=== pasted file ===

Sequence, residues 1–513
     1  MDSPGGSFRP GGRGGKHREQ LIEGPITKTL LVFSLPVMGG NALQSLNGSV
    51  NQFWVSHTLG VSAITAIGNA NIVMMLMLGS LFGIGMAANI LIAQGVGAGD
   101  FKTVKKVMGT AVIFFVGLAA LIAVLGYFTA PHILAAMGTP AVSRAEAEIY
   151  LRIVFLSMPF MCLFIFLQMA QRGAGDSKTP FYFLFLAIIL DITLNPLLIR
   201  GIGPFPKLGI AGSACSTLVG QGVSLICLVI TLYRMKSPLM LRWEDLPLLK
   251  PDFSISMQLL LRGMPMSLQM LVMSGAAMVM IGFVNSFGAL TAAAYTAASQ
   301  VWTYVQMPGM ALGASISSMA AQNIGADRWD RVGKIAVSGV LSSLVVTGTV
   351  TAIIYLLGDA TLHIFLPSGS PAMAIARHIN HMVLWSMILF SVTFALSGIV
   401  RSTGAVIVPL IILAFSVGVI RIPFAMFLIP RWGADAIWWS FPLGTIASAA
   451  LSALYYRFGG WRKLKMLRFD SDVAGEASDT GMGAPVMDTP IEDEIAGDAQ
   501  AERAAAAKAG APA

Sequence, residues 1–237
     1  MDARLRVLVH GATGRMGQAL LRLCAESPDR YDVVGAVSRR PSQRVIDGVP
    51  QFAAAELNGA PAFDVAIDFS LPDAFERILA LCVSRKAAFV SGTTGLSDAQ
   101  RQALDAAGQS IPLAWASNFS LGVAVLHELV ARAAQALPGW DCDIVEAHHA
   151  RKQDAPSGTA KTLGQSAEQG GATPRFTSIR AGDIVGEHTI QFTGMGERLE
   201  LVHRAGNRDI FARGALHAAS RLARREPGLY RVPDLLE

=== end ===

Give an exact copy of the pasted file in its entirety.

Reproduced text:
Sequence, residues 1–513
     1  MDSPGGSFRP GGRGGKHREQ LIEGPITKTL LVFSLPVMGG NALQSLNGSV
    51  NQFWVSHTLG VSAITAIGNA NIVMMLMLGS LFGIGMAANI LIAQGVGAGD
   101  FKTVKKVMGT AVIFFVGLAA LIAVLGYFTA PHILAAMGTP AVSRAEAEIY
   151  LRIVFLSMPF MCLFIFLQMA QRGAGDSKTP FYFLFLAIIL DITLNPLLIR
   201  GIGPFPKLGI AGSACSTLVG QGVSLICLVI TLYRMKSPLM LRWEDLPLLK
   251  PDFSISMQLL LRGMPMSLQM LVMSGAAMVM IGFVNSFGAL TAAAYTAASQ
   301  VWTYVQMPGM ALGASISSMA AQNIGADRWD RVGKIAVSGV LSSLVVTGTV
   351  TAIIYLLGDA TLHIFLPSGS PAMAIARHIN HMVLWSMILF SVTFALSGIV
   401  RSTGAVIVPL IILAFSVGVI RIPFAMFLIP RWGADAIWWS FPLGTIASAA
   451  LSALYYRFGG WRKLKMLRFD SDVAGEASDT GMGAPVMDTP IEDEIAGDAQ
   501  AERAAAAKAG APA

Sequence, residues 1–237
     1  MDARLRVLVH GATGRMGQAL LRLCAESPDR YDVVGAVSRR PSQRVIDGVP
    51  QFAAAELNGA PAFDVAIDFS LPDAFERILA LCVSRKAAFV SGTTGLSDAQ
   101  RQALDAAGQS IPLAWASNFS LGVAVLHELV ARAAQALPGW DCDIVEAHHA
   151  RKQDAPSGTA KTLGQSAEQG GATPRFTSIR AGDIVGEHTI QFTGMGERLE
   201  LVHRAGNRDI FARGALHAAS RLARREPGLY RVPDLLE